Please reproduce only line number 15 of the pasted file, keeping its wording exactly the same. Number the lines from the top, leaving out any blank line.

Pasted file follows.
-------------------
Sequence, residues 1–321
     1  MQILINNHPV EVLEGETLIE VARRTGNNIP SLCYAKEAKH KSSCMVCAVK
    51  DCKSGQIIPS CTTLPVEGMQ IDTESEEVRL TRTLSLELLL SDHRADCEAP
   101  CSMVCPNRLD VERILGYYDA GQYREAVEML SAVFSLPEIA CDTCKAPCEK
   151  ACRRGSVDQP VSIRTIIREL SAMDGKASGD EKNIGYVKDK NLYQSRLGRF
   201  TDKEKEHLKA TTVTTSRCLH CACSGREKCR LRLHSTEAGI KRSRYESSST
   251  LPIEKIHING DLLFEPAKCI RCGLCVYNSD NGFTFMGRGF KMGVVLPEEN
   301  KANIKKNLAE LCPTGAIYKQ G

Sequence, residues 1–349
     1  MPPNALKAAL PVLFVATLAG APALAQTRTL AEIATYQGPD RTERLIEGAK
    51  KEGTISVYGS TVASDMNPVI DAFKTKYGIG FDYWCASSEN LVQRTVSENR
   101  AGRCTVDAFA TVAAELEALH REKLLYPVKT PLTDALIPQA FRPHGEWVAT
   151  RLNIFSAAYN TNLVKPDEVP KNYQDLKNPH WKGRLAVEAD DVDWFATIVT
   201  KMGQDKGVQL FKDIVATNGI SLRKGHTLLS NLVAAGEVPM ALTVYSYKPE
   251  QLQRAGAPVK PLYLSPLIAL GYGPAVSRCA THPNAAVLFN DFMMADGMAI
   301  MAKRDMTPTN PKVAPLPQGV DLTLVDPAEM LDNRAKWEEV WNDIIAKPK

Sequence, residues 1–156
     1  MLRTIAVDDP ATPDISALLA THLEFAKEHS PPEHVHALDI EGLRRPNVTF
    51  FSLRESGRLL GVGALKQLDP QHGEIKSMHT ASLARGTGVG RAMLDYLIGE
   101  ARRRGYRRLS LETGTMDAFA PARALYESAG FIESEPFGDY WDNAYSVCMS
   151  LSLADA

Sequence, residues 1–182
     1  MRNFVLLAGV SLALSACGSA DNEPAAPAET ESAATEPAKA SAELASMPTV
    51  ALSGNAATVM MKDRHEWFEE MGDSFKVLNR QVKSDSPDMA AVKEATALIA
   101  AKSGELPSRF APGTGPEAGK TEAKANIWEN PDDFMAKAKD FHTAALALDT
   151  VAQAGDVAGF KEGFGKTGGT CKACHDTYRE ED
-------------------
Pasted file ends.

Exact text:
   251  QLQRAGAPVK PLYLSPLIAL GYGPAVSRCA THPNAAVLFN DFMMADGMAI